The innovative Medtronic pacemaker Micra was implanted for the first time in Israel at Sheba Medical Center. The procedure entailed inserting a straw-like catheter system to a vein near the upper thigh, dispensing with the surgical incision typically required when implanting a pacemaker.
“The procedure is a simple venous catheterization that’s much easier on the patient compared to the commonly practiced chest incision,” explains Prof. Eyal Nof, Director of the Invasive Electrophysiology Service at Sheba Medical Center. According to Nof, the innovative pacemaker has other advantages, including a decreased risk of infection and related morbidity.
Whereas until recently the use of the new Medtronic pacemaker was only suitable for around 15% of patients with pacing needs, a recent development allows Micra to synchronize the electrical activity of the atrium and ventricle, rendering it applicable to 60-70% of candidates for pacemaker implantation.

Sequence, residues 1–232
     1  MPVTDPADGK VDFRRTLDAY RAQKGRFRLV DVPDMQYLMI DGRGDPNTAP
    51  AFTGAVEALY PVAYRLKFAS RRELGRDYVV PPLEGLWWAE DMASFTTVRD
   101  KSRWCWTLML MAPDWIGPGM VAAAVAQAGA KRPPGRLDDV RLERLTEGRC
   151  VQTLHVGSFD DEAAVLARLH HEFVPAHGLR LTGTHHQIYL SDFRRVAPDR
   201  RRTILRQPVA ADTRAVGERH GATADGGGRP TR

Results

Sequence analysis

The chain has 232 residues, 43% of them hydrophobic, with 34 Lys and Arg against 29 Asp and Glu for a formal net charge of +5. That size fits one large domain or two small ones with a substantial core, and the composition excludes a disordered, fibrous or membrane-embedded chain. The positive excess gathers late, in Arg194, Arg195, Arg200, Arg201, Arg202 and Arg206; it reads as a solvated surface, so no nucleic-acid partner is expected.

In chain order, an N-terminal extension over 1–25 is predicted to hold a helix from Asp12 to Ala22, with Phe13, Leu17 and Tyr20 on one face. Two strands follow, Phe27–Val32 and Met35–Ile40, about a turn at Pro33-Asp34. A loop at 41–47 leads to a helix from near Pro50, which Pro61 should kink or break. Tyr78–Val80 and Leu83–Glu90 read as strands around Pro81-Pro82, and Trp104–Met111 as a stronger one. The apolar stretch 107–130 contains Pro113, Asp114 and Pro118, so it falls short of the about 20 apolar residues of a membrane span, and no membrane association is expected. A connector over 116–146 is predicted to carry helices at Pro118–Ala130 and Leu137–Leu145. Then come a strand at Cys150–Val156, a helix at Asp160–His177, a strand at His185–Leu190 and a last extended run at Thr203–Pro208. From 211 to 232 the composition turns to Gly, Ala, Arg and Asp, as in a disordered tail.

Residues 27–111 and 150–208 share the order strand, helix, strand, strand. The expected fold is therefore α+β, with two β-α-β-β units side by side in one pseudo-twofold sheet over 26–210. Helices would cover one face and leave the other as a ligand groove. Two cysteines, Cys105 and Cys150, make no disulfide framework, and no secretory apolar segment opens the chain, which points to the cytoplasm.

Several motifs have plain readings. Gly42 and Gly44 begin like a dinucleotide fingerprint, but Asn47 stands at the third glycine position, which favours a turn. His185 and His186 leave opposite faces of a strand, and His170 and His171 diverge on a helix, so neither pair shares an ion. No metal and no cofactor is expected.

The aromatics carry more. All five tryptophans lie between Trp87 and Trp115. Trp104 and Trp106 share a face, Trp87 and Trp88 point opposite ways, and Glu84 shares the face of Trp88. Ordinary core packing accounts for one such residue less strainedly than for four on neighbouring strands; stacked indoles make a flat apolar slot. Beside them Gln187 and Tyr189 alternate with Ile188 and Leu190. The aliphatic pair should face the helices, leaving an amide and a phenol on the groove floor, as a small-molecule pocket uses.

According to Roy Beinart, Director of Sheba’s Davidai Arrhythmia Center: “The advanced pacemaker is an important milestone that will allow us to provide hope and solace to countless patients, and improve their quality of life.” In keeping with Sheba’s commitment to medical innovation, Beinart added: “We will continue to lead the way in the development and implementation of advanced and groundbreaking treatments in order to impact the medicine of the future.”